WHS starts the Students of Color Club


Photo courtesy of Lisa Thomas

The Students of Color Club at the HBCU fair in November

A new club has been formed at WHS called the Students of Color Club. It was started by Club President, Madison Wright, and Special Education Teacher Lillian Alston, who serves as the club advisor.

According to Wright, she was approached last school year by Alston, and was asked how she felt as a minority at WHS. “I told her I have never felt like I was incapable of pursuing anything that made me feel embarrassed of my race,” said Wright.

Alston mentioned that Wright was the first Black woman she had ever seen take an AP Physics class or be a member of the girls varsity tennis team. This observation made them come to the realization that a club was needed to change this.

Over the summer, and in the beginning of the school year, the two discussed ways in which they could help all students of color at WHS. This club provides an environment where minorities who may feel embarrassed, disadvantaged or in need of a community in school, can talk and relate to one another.

“At times it can be difficult and overwhelming to feel like you are an outlier,” said Wright. “To just have a community of people who may look like you, experience similar things and give you advice is extremely impactful and necessary.”

The club’s goal is to meet once a month. In November, the club went to Historically Black Colleges and Universities Fair. The fair is for Black students who have positively impacted their community to get recruited and offered college scholarships.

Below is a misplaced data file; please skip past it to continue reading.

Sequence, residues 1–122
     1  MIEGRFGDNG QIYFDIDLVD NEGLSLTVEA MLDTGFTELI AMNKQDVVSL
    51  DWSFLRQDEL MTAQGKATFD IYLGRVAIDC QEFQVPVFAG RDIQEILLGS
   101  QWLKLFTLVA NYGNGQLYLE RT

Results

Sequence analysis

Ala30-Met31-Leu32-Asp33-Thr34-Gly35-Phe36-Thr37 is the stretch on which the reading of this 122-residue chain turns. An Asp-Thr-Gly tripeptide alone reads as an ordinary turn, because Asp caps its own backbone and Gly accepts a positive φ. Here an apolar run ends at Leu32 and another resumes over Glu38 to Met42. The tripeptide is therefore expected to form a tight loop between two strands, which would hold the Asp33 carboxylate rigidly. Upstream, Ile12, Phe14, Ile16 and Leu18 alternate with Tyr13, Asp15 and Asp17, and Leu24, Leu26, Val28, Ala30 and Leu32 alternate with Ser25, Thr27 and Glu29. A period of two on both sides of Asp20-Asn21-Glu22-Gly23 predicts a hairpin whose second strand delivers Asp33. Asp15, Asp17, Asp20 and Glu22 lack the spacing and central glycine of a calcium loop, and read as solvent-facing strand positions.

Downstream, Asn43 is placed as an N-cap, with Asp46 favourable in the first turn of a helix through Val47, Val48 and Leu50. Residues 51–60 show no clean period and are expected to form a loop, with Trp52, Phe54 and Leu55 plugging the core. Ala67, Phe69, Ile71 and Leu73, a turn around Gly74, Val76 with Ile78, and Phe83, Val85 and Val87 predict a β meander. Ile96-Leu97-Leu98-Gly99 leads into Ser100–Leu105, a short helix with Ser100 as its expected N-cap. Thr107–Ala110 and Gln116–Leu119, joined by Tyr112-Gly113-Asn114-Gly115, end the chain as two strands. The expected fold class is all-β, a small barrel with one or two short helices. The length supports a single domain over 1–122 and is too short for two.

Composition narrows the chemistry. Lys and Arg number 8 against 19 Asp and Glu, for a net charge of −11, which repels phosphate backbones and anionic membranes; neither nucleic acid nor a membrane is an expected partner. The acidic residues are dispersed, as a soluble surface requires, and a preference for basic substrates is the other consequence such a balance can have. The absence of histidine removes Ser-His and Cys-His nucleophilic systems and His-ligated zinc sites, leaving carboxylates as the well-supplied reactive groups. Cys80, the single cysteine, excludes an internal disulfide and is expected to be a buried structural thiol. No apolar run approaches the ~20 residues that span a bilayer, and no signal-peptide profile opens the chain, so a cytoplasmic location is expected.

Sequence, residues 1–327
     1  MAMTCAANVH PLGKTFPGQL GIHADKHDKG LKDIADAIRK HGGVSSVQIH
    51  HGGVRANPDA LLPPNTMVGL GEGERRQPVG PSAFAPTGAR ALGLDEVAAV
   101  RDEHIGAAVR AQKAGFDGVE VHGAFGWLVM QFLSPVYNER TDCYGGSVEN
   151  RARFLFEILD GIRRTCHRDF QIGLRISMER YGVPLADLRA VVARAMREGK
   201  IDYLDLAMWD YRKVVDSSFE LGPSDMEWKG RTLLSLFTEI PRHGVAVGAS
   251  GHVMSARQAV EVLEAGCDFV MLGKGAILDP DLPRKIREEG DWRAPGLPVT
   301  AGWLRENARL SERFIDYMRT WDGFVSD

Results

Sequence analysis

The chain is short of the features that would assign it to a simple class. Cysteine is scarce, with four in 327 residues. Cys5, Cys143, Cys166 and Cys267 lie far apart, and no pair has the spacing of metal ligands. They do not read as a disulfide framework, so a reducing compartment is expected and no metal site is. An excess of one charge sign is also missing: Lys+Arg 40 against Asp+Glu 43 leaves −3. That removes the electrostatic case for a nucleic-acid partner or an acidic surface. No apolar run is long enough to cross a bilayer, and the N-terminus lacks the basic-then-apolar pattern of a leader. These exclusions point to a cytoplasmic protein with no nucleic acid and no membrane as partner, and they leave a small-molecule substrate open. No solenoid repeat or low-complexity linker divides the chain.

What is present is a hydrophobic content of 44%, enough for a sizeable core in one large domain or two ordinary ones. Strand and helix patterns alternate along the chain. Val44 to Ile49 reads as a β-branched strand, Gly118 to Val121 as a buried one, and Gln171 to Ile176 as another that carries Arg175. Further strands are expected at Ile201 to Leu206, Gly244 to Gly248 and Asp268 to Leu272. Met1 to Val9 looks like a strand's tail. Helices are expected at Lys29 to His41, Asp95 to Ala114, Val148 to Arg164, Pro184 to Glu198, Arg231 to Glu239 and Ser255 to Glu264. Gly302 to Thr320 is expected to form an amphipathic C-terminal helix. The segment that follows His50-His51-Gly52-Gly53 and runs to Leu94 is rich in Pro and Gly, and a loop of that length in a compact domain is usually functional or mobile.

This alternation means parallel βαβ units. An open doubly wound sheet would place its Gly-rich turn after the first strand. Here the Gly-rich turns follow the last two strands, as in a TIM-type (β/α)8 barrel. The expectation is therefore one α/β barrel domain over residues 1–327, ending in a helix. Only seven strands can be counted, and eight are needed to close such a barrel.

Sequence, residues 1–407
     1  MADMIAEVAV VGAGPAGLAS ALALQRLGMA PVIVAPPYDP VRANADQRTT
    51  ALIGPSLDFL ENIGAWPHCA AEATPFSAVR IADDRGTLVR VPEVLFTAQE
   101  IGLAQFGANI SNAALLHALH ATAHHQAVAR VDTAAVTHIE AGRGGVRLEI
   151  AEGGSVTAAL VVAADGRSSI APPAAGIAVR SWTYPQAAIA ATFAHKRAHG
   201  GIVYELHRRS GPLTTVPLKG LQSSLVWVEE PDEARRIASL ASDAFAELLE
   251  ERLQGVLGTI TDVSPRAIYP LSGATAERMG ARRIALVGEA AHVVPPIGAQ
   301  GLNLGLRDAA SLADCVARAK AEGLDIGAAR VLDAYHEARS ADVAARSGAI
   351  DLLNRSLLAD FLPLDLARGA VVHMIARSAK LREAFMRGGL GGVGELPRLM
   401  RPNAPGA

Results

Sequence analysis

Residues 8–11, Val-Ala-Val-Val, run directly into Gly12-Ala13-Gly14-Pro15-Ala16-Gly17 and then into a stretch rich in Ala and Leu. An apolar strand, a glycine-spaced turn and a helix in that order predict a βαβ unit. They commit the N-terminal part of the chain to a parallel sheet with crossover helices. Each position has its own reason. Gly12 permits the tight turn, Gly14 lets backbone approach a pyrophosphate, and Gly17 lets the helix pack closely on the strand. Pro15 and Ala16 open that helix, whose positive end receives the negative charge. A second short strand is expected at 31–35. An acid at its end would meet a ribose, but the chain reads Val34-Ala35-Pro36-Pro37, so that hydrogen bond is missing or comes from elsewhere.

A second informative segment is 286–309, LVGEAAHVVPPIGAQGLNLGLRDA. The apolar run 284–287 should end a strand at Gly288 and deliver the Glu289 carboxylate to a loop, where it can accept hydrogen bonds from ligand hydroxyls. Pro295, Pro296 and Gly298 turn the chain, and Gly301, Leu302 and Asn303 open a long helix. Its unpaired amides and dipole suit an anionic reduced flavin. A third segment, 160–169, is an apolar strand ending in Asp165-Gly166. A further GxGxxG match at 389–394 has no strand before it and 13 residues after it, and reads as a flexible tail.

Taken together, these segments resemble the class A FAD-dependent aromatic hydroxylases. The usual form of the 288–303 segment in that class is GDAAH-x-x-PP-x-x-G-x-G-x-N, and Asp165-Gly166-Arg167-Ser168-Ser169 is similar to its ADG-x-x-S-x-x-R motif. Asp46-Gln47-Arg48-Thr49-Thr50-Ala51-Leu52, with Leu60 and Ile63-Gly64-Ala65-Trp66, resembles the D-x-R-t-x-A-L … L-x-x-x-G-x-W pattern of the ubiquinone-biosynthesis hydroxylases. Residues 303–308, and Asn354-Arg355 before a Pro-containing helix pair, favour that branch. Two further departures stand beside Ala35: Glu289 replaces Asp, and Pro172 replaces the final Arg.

“It is an advantage for students of color because it is a place where they get accepted on site,” said Alston. According to Alston, in the spring, the club plans on taking a trip to Washington D.C to see the Museum of African American History and Culture. “I want them to see the museum because it is a celebration of their culture through art and music. I want the students to see what those before them have done to be where they are [now],” said Alston.

In upcoming meetings, club members will discuss their ideas on how to improve the school based on their own experiences. Alston will then communicate their ideas to WHS Principal Mary Asfendis.

One topic of discussion is the lack of minorities in rigorous honors and advanced placement classes at WHS. “A person of color is always going to be a minority and society should not prevent Black students from thriving in harder classes simply due to their skin color,” said Alston. “WHS is a place where you can get a great education and I did not want color to be a reason not to do well.” Members of the club will offer tutoring and resources to overcome this obstacle.

Wright’s goal for the club is to create a community where students of color can continue to grow. She hopes to recruit new members to have lively conversations and build friendships.

If you’re interested in becoming a member, you can contact Wright or Alston. “This club is for all students of color who want to join no matter your ethnicity or race. We want to welcome everybody and create a safe space for anyone who would like to join,” said Wright.